Dyson Zone Review: Testing the Wild Air-Purifying Headphones Dyson Zone Review: Testing the Wild Air-Purifying Headphones
The Dyson Zone headphones have great sound, excellent noise canceling and the addition of a visor that can filter out pollution to help you... Dyson Zone Review: Testing the Wild Air-Purifying Headphones

The Dyson Zone headphones have great sound, excellent noise canceling and the addition of a visor that can filter out pollution to help you breathe easy. But at almost $1,000 they’re a tough sell, especially for anyone who doesn’t live or work in a place like a major city, where airborne pollution is an issue. A lot of headphone users simply won’t benefit from the air filtration system at the core of the Zone. 

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Having spent some time with my review model, I’m impressed with the audio quality and noise canceling, but their significant weight, bizarre appearance and limited appeal makes them tricky to recommend, at least to most people. Those of you with deep pockets and who walk or cycle through New York’s busy streets may well see the value in these unusual headphones. Everyone else will be better served by more traditional noise-canceling headphones.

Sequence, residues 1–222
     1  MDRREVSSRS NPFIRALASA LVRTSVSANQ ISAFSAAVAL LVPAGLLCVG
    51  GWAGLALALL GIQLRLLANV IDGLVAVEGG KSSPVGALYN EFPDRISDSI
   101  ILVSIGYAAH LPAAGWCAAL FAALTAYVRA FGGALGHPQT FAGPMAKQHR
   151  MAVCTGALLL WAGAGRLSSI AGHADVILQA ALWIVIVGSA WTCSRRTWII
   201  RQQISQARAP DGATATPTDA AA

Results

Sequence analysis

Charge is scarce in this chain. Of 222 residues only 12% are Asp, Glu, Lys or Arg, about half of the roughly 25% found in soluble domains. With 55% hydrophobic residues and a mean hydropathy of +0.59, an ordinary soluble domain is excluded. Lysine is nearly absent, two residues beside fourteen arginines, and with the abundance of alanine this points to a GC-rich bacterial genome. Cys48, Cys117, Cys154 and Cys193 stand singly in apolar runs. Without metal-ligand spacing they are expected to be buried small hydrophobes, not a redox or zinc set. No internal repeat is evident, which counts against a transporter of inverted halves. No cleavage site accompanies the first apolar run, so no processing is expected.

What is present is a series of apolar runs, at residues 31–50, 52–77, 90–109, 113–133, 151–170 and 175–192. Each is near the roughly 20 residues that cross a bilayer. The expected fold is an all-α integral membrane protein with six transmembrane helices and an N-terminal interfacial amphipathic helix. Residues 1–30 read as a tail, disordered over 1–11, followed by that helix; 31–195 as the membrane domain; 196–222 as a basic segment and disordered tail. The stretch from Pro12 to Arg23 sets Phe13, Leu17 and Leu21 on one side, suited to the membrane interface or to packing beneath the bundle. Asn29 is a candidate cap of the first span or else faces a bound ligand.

Dyson’s Zone headphones go on sale globally towards the end of April and will cost $949 (£749, which is about AU$1,395 converted).


They’re not exactly subtle.

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Dyson first showed off the Zone headphones last year and frankly we weren’t sure what to think. They’re huge over-ear headphones with metal grilles and a quirky removable face visor that sends purified air to your mouth and nose using micro compressors and filters inside the earcups. It’s certainly a first of its kind, and Dyson thinks it’s on to something. 


  • Great sound quality
  • Excellent active noise cancellation
  • Generous battery life for music
  • Air filtration could help reduce breathing problems in big cities

Don’t Like

  • High price
  • Extremely heavy
  • Built-in filtration has limited appeal beyond wealthy urbanites

The Zone is designed for urban use, for those of you walking or cycling through the world’s megacities where breathing ground-level air pollution is a serious problem. Then there’s the pollutants in underground subway systems, which can be worse than at street level. Dyson says its filter system captures 99% of airborne particle pollutants, including nitrogen dioxide, sulfur dioxide and airborne dust, which are especially problematic in cities.